Flour often is taken for granted by most American bakers, unless of course it is not performing well. They know much about flour once the bags arrive at their bakeries. But, their knowledge of how that flour came to be likely has a few gaps. In an attempt to fill in some of those gaps, Farmer Direct Foods, Atchison, Kan., brought together bakers and farmers last month for its 3rd Annual Farmer-Baker Forum, beginning in Kansas City, Mo.
“There seems to be a desire among bakers and consumers to connect to where their food comes from,” said Kent Symns, president, Farmer Direct Foods, a cooperative of white wheat farmers.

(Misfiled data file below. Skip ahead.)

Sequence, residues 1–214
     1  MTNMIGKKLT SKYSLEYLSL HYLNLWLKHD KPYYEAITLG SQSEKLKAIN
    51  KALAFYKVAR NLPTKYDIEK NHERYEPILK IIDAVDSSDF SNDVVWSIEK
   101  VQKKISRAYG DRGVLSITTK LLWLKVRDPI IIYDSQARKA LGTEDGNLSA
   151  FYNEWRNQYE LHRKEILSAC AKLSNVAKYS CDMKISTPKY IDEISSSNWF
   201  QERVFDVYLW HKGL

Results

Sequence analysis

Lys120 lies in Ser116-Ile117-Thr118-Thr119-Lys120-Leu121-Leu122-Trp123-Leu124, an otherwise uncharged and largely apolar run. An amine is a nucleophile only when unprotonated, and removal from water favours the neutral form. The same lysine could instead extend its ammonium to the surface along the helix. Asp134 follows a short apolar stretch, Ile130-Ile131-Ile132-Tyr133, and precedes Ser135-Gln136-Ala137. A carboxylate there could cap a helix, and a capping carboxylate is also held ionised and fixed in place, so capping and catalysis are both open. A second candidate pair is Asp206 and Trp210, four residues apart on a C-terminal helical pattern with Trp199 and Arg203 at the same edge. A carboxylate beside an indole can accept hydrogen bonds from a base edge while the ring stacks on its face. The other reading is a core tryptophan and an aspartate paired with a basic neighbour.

The three-day trek took bakers through Kansas State University’s Grain Science Program, the American Institute of Baking, the USDA Grain Research Lab and the AgriPro Wheat Research Station. Tour topics ranged from breeding pure lines of wheat, to farming and harvesting the wheat, to various milling processes. The highlight for most bakers on the tour, however, was touring the wheat farms around Salina, Kan., and riding on a combine to harvest hard white wheat.
Farmers also demonstrated the different qualities of white wheat. White wheat flour offers the same nutritional claims as traditional red wheats, the dominant wheat grown and processed in the United States for bread flour. “The biggest difference is in the bran of the two wheats,” Symns said. “White wheat is much less bitter, has a milder flavor and a lighter color.”